By RANDALL RYTI Vice ChairLos Alamos County CouncilI was one of the three members of the Board of Appeals convened for the UnQuarked appeal of the stop work order (red tag) placed Nov. 22, 2019. UnQuarked was required to present substantial evidence that the County Chief Building Official (Michael Arellano) application of the red tag was arbitrary, capricious, or not in accordance with the law.The Board unanimously denied the appeal on July 14 and we had a meeting on July 27 to approve the final minutes of the hearings. UnQuarked has appealed this decision to County Council. Given that I was member of the Board of Appeals I will be recusing myself from hearing this appeal to Council.The Board of Appeals hearings lasted about 29 hours, and while a few people may have had the time to listen to the full hearings I wanted to provide a short summary. The following are some but not all of the reasons why I voted to deny the appeal.The work in question was a commercial remodel, and all such work requires a design professional and a licensed general contractor (GB98). Los Alamos County has a commercial permit application checklist that specifically states that a design professional is required. During the hearings it was clarified that the design professional could be a professional engineer (PE) or an architect. In most cases the design professional is an architect. The reason for requiring these types of professionals is to ensure that public health and safety is maintained while the project is underway and when the project is completed.UnQuarked’s question has been, “What work were we doing that required a permit?” The answer is UnQuarked was doing commercial remodeling work that required a permit.The following is a relevant snip from the County Code regarding permits: It is unlawful for any person to construct, alter, repair, remove, demolish or to commence the construction, alteration, removal or demolition of a building or structure without first filing with the building official an application in writing and obtaining from him a building permit authorizing such work. (Sec. 10-73.(a) – Building permit; application; deposit.)It was clear from the evidence presented at the hearing that UnQuarked had moved beyond changing light bulbs or doing some interior painting, and had started a commercial remodel including the remodel of a commercial kitchen without the required permits. The evidence submitted to the Board indicating that UnQuarked had commenced this level of work included, but was not limited to, documents and testimony showing that UnQuarked was building a long and heavy bar-like structure that would require electrical permitting, and placement of numerous additional pieces of commercial kitchen equipment moved to the premises since the lease started.UnQuarked appeared to miss the point that when a commercial remodel commences a permit must be obtained for the whole scope of the project. This is not only required by applicable building codes but stands to reason—if a commercial kitchen is being remodeled with new appliances it is wholly appropriate to first determine whether they as well as other elements of the overall design will function safely within the scope of the project. Will the addition of these appliances overwhelm the existing electrical system? Is the gas and associated plumbing sufficient to safely operate a commercial wok in the context of the whole project? Is the existing hood and fire suppression system sufficient for the changes being made in the kitchen? Is the construction of a lengthy and heavy bar-like structure in the premises going to cause ingress/issues under relevant fire codes? Although the whole project is included in the permit application, it was stated by the Building Official that the work could be completed in phases.A permit application was submitted on Nov. 15, 2019. The application included a drawing of the structure being built for the front of the business and the equipment being planned for the back of the business (kitchen). The permit application followed a site visit and inspection by the Building Official on Nov. 12, 2019. When the red tag was placed on Nov. 22, 2019, work was in progress on the structure in the front of the house and no valid permit was in effect. The purpose of the red tag is to stop work on the project and have the responsible party come to the Community Development Department and resolve the deficiencies. We were told that red tags are removed typically within two days to two weeks. UnQuarked was informed of deficiencies in their permit application on Nov. 18 and Nov. 22, 2019. A licensed general contractor was not named on the permit application. A PE stamped the drawings, but the application did not list any other design professional. The PE who stamped the drawings was not a witness for the Board of Appeals and therefore we did not know their qualifications as a design professional for commercial remodel work.While it was not in the Board of Appeals’ scope to comment on processes for applying for commercial work permits or other improvements to support our local businesses, the Board did comment on some areas that should be improved. For example, while the Building Official has the authority to modify the value of the work being planned, it should be transparent who made the change and the applicant should be made aware of the change.However, none of these administrative issues are relevant to the issue that was before the Board, which was whether the Stop Work Order issued by the Building Official was appropriate. The answer to that question was an overwhelming yes, and the reason for that is because UnQuarked was doing work far beyond cosmetic work and had, in fact, started commercial remodel including the kitchen in a premises that has been vacant for several years triggering a permitting process imposed by state and local law that insures health and safety requirements are met.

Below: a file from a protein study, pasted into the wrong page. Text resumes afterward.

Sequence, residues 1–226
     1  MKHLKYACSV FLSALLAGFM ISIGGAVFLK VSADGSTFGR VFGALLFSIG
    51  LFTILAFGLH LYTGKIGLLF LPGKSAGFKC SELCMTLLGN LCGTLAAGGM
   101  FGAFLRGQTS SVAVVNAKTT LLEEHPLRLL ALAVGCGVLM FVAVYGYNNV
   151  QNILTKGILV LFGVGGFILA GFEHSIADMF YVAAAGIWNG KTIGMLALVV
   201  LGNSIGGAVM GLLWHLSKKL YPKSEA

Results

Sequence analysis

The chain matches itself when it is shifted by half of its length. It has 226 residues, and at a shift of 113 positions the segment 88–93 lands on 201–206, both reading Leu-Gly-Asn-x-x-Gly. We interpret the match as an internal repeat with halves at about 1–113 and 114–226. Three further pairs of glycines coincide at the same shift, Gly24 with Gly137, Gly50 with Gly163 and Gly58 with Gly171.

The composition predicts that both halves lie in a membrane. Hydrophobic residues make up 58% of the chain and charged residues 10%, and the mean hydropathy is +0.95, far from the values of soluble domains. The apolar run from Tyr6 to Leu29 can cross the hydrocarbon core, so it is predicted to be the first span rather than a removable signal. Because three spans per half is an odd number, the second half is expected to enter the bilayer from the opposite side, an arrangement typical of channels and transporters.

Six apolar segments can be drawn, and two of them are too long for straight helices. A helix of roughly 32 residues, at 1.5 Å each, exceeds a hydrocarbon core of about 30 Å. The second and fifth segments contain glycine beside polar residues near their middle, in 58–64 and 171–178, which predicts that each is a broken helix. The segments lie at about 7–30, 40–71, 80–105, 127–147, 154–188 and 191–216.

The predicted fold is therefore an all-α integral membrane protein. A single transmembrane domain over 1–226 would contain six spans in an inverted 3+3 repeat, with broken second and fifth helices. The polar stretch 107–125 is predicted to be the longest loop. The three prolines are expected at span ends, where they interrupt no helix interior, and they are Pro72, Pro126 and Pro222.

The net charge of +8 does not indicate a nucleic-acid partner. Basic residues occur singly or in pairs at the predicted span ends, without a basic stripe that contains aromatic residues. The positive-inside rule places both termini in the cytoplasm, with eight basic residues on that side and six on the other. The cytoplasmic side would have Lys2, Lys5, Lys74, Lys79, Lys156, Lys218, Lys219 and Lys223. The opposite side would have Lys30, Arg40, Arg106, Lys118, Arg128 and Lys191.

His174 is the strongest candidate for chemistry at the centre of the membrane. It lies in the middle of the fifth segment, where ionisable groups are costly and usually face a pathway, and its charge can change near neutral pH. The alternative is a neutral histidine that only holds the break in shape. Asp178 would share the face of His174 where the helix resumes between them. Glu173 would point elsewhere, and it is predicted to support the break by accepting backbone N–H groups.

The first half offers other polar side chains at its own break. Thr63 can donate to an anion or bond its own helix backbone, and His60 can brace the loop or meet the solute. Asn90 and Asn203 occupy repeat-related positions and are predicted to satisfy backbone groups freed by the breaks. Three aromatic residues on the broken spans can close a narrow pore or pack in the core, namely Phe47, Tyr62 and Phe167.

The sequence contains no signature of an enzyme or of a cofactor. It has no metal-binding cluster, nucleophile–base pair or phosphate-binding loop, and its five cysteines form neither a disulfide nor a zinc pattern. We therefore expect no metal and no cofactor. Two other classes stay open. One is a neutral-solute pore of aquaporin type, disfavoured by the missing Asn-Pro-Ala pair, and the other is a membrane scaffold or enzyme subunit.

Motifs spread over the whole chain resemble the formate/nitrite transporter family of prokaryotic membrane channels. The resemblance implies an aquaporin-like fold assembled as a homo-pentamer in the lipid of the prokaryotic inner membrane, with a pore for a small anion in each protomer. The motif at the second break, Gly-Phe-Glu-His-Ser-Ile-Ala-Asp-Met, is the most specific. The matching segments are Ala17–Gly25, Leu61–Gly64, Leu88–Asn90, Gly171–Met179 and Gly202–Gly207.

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Public Works and Government Services on behalf of Department of Fisheries and Oceans has a requirement that includes harbor dredging (basin and channel) in Little Harbor (L’Ardoise), Richmond County, NS. The project work is to include the dredging of Class “B” material in the basin and channel to a dredge grade of -2.0 meters.All elements of the work must be completed on or before September 30, 2016, according to the Public Works and Government Services Canada.This cleanup scheme will provide a safer and more efficient working environment for harbor users and local fishermen.The closing date for applications is February 9, 2016, 14:00 Atlantic Standard Time (AST).[mappress mapid=”21860″]